His whole point was that one who breaks away from society’s mould – who “takes the road less travelled” becomes a misfit to society – therefore he must come back and live within the limits again. My point was that one who goes out can come back and live within mingling with others, provided he uses great tact and diplomacy in hiding what he knows.

Once my mother suddenly said I’m a very honest fellow – so I said I prefer to be honest even if we were to lose something. He replied that in Mahabharatha, people do anything and everything to get what they want, even Yudhisthira himself lies – and thats the way to survive in this world. Then I referred to Harischandra, where the man goes to the very end just for his honesty, and he replied that that was some other era… only after that Mahabharatha was written! Hmm this I didn’t know…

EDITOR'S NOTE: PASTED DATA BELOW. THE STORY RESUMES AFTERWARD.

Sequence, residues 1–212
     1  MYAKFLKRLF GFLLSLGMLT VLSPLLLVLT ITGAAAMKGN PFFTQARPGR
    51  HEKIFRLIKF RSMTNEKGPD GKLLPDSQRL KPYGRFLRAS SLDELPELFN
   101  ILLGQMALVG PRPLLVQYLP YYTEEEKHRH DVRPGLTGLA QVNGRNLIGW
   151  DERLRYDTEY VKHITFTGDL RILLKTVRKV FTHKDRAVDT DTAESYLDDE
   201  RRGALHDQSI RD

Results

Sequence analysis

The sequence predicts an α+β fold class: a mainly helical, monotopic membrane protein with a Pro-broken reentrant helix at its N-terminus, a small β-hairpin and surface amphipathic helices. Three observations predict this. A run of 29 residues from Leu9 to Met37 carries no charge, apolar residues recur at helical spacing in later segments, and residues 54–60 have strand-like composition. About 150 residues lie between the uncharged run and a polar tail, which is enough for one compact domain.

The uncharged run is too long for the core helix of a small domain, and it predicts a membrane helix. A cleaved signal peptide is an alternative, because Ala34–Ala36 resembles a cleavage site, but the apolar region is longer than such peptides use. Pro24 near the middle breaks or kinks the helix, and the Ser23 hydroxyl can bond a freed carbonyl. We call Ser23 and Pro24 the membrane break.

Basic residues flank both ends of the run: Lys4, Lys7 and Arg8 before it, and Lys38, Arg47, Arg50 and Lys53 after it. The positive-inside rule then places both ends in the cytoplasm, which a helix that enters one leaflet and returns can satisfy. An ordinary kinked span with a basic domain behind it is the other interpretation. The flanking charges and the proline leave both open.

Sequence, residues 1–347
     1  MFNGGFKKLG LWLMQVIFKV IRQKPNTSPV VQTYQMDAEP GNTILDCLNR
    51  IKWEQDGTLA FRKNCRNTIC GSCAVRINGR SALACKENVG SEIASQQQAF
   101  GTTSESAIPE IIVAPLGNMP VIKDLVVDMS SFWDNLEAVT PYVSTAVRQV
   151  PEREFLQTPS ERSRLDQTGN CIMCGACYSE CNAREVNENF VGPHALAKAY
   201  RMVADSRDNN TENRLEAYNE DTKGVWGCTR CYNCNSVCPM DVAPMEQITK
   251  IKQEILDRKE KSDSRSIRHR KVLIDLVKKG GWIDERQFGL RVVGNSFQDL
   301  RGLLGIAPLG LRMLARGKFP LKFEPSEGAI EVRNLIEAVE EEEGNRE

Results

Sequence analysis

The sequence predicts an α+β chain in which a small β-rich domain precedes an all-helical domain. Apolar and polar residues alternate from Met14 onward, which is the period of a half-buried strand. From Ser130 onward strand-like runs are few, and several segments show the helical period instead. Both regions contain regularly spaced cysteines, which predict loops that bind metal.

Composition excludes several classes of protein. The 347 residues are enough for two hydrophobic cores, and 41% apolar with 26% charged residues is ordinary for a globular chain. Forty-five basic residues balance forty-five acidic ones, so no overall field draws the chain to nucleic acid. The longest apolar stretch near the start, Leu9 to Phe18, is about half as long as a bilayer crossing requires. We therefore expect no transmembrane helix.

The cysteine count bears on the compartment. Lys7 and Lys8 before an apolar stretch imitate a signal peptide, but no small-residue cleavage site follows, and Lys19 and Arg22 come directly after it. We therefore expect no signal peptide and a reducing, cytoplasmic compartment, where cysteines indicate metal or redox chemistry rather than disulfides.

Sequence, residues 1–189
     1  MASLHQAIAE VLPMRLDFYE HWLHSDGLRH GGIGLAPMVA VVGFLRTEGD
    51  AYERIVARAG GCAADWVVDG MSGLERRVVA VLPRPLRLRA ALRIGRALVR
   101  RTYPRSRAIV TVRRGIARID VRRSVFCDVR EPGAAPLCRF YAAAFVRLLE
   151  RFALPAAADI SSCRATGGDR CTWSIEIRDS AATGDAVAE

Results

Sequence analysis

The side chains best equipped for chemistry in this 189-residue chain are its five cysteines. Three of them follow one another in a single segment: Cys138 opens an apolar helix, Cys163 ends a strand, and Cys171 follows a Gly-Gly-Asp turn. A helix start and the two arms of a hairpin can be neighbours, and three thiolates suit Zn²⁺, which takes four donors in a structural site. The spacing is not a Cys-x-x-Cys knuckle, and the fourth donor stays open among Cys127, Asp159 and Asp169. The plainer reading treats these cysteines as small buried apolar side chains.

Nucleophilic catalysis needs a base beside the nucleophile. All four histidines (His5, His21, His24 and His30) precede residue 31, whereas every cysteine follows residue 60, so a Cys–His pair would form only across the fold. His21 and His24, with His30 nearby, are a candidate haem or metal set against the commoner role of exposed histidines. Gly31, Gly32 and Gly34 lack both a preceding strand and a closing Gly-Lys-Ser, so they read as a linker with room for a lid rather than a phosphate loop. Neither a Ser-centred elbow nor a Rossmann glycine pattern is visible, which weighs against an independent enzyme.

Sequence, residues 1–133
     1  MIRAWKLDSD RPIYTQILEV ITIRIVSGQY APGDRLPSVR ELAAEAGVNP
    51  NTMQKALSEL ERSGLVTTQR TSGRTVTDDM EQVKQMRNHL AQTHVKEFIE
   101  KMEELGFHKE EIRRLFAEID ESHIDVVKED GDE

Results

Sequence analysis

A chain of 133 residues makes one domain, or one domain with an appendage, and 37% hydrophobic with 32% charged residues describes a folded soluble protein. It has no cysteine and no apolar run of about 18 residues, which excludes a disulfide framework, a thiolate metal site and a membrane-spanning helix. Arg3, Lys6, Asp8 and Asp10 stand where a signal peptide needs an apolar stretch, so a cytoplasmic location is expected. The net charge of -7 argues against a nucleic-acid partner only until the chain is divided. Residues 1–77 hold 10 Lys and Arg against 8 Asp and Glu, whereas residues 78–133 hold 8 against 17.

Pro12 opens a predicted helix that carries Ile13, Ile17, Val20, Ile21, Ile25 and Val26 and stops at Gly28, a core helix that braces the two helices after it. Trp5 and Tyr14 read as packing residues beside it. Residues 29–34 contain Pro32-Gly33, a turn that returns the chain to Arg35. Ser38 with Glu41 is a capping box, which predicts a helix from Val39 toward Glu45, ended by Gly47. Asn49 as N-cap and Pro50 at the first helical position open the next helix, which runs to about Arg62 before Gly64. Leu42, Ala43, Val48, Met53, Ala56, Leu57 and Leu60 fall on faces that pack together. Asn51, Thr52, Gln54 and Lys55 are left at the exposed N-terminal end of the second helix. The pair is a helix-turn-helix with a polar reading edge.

He said some things that really surprised me, because I’ve rarely heard people of his generation acknowledge such things. He said – when people of the younger generation say something better, people of the older generation dislike it and reject it whether it is right or not. Everytime a child raises a question, he is subdued by his parents or his teachers. He said in his times his family had been very orthodox and had kept getting some sanyasis home to perform some rites, but he had refused to fall at their feet just like everyone else at home. It is such a strong rule in society that elder people are to be respected irrespective of whether they do the right things or not. That’s why there’s the song “doDDavarella jaaNaralla, chikkavarella kONaralla” that questions this.